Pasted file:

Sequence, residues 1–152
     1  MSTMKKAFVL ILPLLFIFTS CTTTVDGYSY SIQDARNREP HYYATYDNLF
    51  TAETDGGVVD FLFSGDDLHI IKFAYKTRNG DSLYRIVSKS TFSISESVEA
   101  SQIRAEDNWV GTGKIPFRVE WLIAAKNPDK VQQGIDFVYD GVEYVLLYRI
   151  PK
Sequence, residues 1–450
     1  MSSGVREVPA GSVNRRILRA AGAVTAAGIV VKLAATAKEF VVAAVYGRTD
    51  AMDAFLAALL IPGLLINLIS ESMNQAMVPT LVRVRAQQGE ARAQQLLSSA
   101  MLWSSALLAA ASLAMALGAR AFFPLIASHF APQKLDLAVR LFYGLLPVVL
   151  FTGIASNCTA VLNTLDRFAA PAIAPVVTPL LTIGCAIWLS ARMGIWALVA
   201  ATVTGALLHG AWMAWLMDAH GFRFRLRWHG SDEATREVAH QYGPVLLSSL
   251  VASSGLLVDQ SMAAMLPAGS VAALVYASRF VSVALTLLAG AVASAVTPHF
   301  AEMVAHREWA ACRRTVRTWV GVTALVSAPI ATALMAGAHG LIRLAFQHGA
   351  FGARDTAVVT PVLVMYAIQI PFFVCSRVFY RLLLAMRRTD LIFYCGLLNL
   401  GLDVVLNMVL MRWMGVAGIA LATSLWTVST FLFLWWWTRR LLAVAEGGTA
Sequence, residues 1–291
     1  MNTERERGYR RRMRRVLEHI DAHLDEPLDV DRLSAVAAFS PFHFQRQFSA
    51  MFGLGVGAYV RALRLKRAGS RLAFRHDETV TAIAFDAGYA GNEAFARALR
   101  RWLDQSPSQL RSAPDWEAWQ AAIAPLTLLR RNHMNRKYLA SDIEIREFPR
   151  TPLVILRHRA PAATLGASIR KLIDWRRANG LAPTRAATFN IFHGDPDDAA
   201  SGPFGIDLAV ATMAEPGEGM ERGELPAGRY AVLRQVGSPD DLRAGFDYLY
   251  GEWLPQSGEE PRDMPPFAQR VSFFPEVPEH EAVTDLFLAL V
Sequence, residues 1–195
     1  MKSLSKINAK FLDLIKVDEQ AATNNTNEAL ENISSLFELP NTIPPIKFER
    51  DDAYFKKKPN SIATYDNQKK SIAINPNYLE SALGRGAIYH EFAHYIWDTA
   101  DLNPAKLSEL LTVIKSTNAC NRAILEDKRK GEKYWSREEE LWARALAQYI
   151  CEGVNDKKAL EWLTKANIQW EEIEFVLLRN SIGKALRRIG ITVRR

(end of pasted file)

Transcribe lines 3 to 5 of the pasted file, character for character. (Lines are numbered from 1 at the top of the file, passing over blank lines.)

    51  TAETDGGVVD FLFSGDDLHI IKFAYKTRNG DSLYRIVSKS TFSISESVEA
   101  SQIRAEDNWV GTGKIPFRVE WLIAAKNPDK VQQGIDFVYD GVEYVLLYRI
   151  PK